Reviewed by Dan Forte
A colleague recently confessed to me that, aside from Live At The Regal, he wasn't exactly taken by any of the B.B. King stuff he'd heard. Which is understandable, to a degree, since, in fifty years of recording, not everything The King Of The Blues has cut has been "regal." But a shame, because in that formidable catalog there are some true gems. The classic is definitely 1965's Live At The Regal. If you don't have it, get it immediately; if you already dig it, I'd also recommend 1967's The Jungle and Blues Is King and '68's Blues On Top Of Blues, which are stellar.
But for the under-initiated, an equally essential piece of the pie from that period (arguably B.B.'s best) has recently been released for the first time by Rhino: a half-hour video performance of King on jazz critic Ralph J. Gleason's syndicated TV show, Jazz Casual. As the name implies, the series presented jazz greats (including Count Basie, Woody Herman, Dizzy Gillespie and even John Coltrane) in a relaxed, audience-less studio, playing and talking with Gleason. B.B. was the only "non-jazz" performer featured in the show's 31-episode run, which began in 1959, and on May 9, 1968, when the segment first aired, the guitarist was in his early forties (but looked much younger) and had just begun to break out of the chitlin circuit and play rock ballrooms like the Fillmore.
Opening with the bouncy, uptempo "Please Love Me," B.B. is fronting an unusually small quintet with the unorthodox instrumentation of guitar (King), drums (longtime sideman Sonny Freeman), trumpet and tenor sax (Mose Thomas and Lee Gatling, respectively), and organ (James Toney, who also supplies organ bass, with his left hand). Next is the minor-key "Got A Mind To Give Up Living," which was covered by the Butterfield Blues Band at the time. Here and throughout, the intimacy of the camera work (dramatic without being flashy, filmed in black & white) reveals King's every expression, whether pained or joyous, as well as offering invaluable glimpses of his fretwork.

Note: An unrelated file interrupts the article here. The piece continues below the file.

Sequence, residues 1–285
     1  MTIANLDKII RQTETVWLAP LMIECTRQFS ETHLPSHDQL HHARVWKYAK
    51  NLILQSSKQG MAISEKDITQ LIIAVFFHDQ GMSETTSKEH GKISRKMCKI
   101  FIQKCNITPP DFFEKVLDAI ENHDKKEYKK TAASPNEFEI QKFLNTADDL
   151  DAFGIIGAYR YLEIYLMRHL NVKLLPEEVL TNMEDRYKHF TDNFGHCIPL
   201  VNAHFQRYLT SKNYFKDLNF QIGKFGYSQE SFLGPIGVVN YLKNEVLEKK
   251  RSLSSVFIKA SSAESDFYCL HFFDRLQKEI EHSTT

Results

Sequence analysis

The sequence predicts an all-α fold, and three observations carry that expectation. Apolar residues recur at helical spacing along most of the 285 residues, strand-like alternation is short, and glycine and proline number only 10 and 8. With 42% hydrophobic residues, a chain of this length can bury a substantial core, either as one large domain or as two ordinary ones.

"The Jungle" is a textbook shuffle, relaxed and swinging. Slowing the pace down for the R&B ballad "Darling, You Know I Love You," B.B. laughs as he realizes he called off the wrong key (B), but keeps rolling for one chorus of intro before signalling the band to shift to G, which they do seamlessly. Obviously, B.B. could have stopped tape and started over (and the show could have been edited so that the audience would never know about the fluff), but it's precisely these types of moments that made Jazz Casual so special. Before song's end, B.B. is flustered into hitting a clam or two, but this is about capturing the right feel, not honing it to sterile perfection.
In the 10-minute interview that follows a spirited "That's Wrong Little Mama," B.B. is articulate without seeming rehearsed--talking at length about his early influences, both blues and jazz, his distinctive guitar sound, and the younger crowd (players like Mike Bloomfield) who introduced his music to a new, wider audience. What a rare treat.
Unfortunately, there's a lot of misinformation in Rhino's packaging of this and the rest of the Jazz Casuals segments (sold individually on VHS for the price of a CD, and grouped together on DVDs for more bang for your buck--buy 'em all), so here is the correct track listing.
1. Please Love Me
2. Got A Mind To Give Up Living
3. The Jungle
4. Darling, You Know I Love You
5. That's Wrong Little Mama
7. slow jam
(C) 2001 - Dan Forte